Hello nftables, Goodbye iptables

netfilter

Firewalling under Linux gets revamped.

The Linux netfilter logoYep, you read it right. The firewalling tool that has been either hated or loved, ever since Kernel 2.4 is being phased out from kernel v4.9 onwards in favour of nftables.

Iptables will still be available for the forseeable future, however now is the time to learn the new syntax of nftables. Nftables, which stands for netfilter tables. Nftables is part of the netfilter suite, which is a team of kernel contributors specifically tasked at doing “NAT, Firewalling and packet mangling for Linux”. The netfilter team are the same authors that brought us iptables, so they are arguably best placed to replace iptables, just like ipchains and ipfw before it.

New functionality

The Linux Netfilter team in 2016
The Linux Netfilter team in 2016

Nftables offers new functionality unavailable in iptables, and has been available (although not fully stable) since Kernel 3.13. Ontop of the kernel module itself, three other components comprise nftables. These are:

  • libmnl: the minimalistic Netlink library
  • libnftnl: low level netlink userspace library
  • nft: command line tool.

The new toolset offers the following advantages over iptables:

  • High performance through maps and concatenations: Linear ruleset inspection doesn’t scale up. Using maps and concatenations, you can structure your ruleset to reduce the number of rule inspections to find the final action on the packet to the bare minimum.
  • Unified and consistent syntax for every support protocol family, contrary to xtables utilities, that are well-known to be full of inconsistencies.
  • Network-specific Virtual Machine: the nft command line tool compiles the ruleset into the VM bytecode in netlink format, then it pushes this into the kernel via the nftables Netlink API. When retrieving the ruleset, the VM bytecode in netlink format is decompiled back to its original ruleset representation. So nft behaves both as compiler and decompiler.
  • No need for kernel updates & a smaller kernel codebase: The intelligence is placed in userspace nft command line tool, which is considerably more complex than iptables in terms of codebase, however, in the midrun, this will potentially allow us to deliver new features by upgrading the userspace command line tool, with no need of kernel upgrades.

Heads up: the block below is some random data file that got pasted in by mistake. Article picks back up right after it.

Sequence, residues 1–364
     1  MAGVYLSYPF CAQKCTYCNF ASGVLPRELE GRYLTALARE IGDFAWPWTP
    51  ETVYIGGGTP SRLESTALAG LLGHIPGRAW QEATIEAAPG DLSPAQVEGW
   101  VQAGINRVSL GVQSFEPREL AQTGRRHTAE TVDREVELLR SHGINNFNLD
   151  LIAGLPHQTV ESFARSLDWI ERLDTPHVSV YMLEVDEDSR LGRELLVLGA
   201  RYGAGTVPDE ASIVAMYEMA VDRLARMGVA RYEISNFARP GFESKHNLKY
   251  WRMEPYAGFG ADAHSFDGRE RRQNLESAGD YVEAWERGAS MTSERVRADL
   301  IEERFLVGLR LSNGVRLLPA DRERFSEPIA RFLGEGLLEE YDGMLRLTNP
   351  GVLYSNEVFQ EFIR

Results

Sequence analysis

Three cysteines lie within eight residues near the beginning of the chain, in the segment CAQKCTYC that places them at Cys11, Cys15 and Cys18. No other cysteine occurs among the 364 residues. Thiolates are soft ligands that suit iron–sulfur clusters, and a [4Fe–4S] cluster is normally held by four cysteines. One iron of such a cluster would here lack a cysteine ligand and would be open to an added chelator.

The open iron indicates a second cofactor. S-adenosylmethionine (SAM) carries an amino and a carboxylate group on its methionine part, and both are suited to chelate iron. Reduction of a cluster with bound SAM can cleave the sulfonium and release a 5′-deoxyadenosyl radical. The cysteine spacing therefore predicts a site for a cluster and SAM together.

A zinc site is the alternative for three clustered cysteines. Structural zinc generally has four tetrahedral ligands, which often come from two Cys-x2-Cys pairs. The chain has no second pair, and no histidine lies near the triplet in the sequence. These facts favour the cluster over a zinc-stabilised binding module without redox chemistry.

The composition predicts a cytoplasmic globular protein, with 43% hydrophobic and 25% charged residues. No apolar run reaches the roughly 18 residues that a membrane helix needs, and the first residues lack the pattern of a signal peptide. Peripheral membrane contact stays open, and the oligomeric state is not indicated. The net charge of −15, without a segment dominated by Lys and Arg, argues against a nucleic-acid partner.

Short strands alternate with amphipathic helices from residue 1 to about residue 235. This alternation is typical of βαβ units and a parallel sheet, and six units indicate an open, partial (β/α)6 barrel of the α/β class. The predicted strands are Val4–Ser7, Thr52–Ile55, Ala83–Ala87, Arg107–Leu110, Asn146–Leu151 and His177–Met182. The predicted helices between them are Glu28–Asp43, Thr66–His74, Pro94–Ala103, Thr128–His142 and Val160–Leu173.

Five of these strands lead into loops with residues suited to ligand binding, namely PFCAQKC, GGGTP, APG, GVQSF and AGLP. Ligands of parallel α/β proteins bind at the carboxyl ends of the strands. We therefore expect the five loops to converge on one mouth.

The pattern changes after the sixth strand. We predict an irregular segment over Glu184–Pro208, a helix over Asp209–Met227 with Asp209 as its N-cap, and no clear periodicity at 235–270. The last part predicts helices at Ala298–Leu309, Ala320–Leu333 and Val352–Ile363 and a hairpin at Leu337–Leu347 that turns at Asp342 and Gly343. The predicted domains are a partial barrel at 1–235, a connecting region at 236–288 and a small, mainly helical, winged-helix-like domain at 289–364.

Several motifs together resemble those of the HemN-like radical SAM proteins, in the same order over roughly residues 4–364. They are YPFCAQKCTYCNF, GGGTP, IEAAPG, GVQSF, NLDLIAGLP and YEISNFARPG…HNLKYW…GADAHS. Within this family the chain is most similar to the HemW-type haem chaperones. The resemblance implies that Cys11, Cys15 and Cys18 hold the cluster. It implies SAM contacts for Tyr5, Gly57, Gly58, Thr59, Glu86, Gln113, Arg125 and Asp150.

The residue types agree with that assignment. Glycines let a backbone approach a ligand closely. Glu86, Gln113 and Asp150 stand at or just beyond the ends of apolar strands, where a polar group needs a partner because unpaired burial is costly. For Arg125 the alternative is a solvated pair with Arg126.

Can I convert my iptables rules to nft easily?

Fairly easily. There is a conversion tool which works as following:
% iptables-translate -A INPUT -p tcp --dport 22 -m conntrack --ctstate NEW -j ACCEPT
nft add rule ip filter INPUT tcp dport 22 ct state new counter accept


% ip6tables-translate -A FORWARD -i eth0 -o eth3 -p udp -m multiport --dports 111,222 -j ACCEPT
nft add rule ip6 filter FORWARD iifname eth0 oifname eth3 meta l4proto udp udp dport {111,222} counter accept

When is it coming to my Linux distribution?

The GNU/Debian LogoStarting with Debian 9 stable, the nftables framework is installed, ready to use. It is available through package installation in Debian development (Stretch) right now, simply type aptitude install nftables.

A release to Debian stable will almost certainly trickle the release downstream to all of the other major Debian based distributions such as Ubuntu in the near future. CentOS 7/RHEL 7 users can install nftables from the official Red Hat EPEL repo using yum today. At the time of writing CentOS ships version 0.6 and Debian 0.7. Ubuntu 16.04 LTS does have an older version (0.5), however I’d recommend waiting for a later version.

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More information

To get further information, head over to the netfilter website, they have some really good documentation:

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